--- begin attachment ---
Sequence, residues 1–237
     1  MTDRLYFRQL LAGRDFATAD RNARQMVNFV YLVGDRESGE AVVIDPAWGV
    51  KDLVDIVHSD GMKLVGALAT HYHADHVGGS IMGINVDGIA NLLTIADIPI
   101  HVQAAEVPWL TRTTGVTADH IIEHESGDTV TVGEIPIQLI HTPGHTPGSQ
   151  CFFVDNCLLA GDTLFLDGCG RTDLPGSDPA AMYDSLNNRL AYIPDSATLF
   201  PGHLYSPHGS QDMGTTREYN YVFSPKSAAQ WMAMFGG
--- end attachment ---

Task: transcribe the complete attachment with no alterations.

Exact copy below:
Sequence, residues 1–237
     1  MTDRLYFRQL LAGRDFATAD RNARQMVNFV YLVGDRESGE AVVIDPAWGV
    51  KDLVDIVHSD GMKLVGALAT HYHADHVGGS IMGINVDGIA NLLTIADIPI
   101  HVQAAEVPWL TRTTGVTADH IIEHESGDTV TVGEIPIQLI HTPGHTPGSQ
   151  CFFVDNCLLA GDTLFLDGCG RTDLPGSDPA AMYDSLNNRL AYIPDSATLF
   201  PGHLYSPHGS QDMGTTREYN YVFSPKSAAQ WMAMFGG